Post traumatic stress disorder can impact anyone
HOUGHTON — While many people have heard of Post Traumatic Stress Disorder, or PTSD, few have a thorough understanding of what it is.
Many believe that PTSD is something that only combat veterans experience, but anyone can experience PTSD.
In order to increase awareness and education, June is recognized as National Post Traumatic Stress Disorder Awareness Month.
Post-traumatic stress is a normal response to traumatic events, states a 2019 article posted on brainline.org. BrainLine is a national multimedia project offering authoritative information and support to anyone whose life has been affected by brain injury or PTSD.
“However, PTSD is a more serious condition that impacts brain function,” the article states, “and it often results from traumas experienced during combat, disasters, or violence.”
The National Institute of Mental Health (NIMH) describes PTSD as a disorder that develops in some people who have experienced a shocking, scary or dangerous event.
“Your brain is equipped with an alarm system that normally helps ensure your survival,” states brainline.org. “With PTSD, this system becomes overly sensitive and triggers easily. In turn, the parts of your brain responsible for thinking and memory stop functioning properly. When this occurs, it’s hard to separate safe events happening now from dangerous events that happened in the past.”
According the U.S. Department of Veteran Affairs, more than 8 million people in the U.S. currently have PTSD. The U.S. Joint Chiefs of Staff website, Joint Knowledge Online (JKO) reports that while often thought of as affecting active military and Veterans, PTSD is not limited to combat veterans or first responders. Civilian survivors of sexual assault, serious accidents, natural disasters, or other traumatic events can also experience PTSD. But, what is PTSD?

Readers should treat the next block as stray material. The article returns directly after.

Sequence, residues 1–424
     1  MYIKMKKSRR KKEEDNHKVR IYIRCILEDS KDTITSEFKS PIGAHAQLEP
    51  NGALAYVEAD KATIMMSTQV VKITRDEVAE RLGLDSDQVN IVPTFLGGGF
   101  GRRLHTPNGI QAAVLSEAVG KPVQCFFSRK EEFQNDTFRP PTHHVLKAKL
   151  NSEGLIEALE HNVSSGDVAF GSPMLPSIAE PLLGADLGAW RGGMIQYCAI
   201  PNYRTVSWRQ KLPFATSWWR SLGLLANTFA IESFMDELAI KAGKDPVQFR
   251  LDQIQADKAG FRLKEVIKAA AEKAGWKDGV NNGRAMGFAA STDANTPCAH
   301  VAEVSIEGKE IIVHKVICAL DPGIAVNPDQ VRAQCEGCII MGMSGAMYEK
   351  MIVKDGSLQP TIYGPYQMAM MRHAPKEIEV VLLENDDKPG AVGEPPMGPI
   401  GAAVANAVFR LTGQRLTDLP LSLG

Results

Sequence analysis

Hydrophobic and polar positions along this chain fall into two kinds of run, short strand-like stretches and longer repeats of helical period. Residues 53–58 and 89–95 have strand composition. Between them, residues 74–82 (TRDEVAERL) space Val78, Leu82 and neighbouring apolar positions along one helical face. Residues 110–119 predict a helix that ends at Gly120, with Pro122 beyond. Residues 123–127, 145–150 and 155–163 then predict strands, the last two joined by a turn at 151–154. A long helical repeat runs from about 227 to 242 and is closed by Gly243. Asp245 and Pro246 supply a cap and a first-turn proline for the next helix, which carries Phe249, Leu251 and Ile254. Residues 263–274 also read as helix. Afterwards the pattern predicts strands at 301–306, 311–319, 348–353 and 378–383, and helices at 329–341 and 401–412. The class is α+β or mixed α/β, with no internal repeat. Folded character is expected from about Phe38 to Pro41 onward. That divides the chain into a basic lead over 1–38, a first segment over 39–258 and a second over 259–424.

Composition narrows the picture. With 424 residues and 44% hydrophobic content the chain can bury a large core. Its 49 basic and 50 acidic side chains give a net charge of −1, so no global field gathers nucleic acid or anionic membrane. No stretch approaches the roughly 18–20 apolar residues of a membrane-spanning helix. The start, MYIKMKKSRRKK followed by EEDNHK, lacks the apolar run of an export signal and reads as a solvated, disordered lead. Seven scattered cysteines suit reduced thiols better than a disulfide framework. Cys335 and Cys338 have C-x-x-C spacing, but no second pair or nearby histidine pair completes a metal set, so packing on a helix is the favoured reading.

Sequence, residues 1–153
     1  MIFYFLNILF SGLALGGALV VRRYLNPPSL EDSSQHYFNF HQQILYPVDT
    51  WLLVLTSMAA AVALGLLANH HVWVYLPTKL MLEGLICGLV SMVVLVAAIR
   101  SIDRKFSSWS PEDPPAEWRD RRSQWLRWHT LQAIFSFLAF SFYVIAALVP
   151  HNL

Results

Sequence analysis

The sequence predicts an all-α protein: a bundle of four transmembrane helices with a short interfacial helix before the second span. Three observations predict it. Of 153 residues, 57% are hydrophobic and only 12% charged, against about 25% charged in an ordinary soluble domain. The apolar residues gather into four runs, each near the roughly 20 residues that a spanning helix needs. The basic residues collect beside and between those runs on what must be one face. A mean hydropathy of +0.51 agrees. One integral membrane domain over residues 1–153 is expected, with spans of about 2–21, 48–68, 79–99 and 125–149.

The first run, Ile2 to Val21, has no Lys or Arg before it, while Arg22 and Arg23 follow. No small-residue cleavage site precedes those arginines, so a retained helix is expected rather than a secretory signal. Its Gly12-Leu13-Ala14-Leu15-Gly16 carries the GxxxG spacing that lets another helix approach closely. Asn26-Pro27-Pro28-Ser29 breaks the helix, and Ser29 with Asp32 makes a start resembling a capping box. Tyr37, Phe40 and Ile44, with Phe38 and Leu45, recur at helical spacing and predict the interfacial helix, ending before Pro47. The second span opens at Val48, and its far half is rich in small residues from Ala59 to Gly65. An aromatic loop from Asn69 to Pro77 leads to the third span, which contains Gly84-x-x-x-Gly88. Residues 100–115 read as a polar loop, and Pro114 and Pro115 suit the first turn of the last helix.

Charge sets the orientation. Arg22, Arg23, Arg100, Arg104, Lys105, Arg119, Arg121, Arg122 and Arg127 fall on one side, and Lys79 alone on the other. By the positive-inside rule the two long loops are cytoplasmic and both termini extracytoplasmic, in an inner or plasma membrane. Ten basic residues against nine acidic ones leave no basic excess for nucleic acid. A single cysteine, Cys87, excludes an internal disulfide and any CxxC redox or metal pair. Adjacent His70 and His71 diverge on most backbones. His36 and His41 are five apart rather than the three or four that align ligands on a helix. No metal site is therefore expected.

The American Psychiatric Association (APA) says that people with PTSD have intense, disturbing thoughts and feelings related to their experience that last long after the traumatic event has ended. They may relive the event through flashbacks or nightmares; they may feel sadness, fear or anger; and they may feel detached or estranged from other people. People with PTSD may avoid situations or people that remind them of the traumatic event, and they may have strong negative reactions to something as ordinary as a loud noise or an accidental touch.
The Substance Abuse and Mental Health Services states that children and adults with PTSD may feel anxious or stressed even when they are not in present danger.
“PTSD starts at different times for different people,” SAMHSA states. “Signs of PTSD may start soon after a frightening event and then continue. Other people develop new or more severe signs months or even years later. PTSD is often related to the seriousness of the trauma, whether the trauma was repeated or not, what the individual’s proximity to the trauma was, and what their relationship is with the victim or perpetrator of the trauma.”
Overall, PTSD can have a profound impact on the brain, affecting various areas that are critical for emotional regulation, memory, and decision-making.
Understanding these changes can help with the development of effective treatments and therapies for PTSD, states brainline.org.
≤ For information on how PTSD affects the brain’s functioning, visit https://www.brainline.org/article/how-ptsd-affects-brain
≤ The U.S. Department of Veteran Affairs’ National Center for PTSD offers many resources for increasing understanding of the disorder and can be found at https://www.ptsd.va.gov/index.asp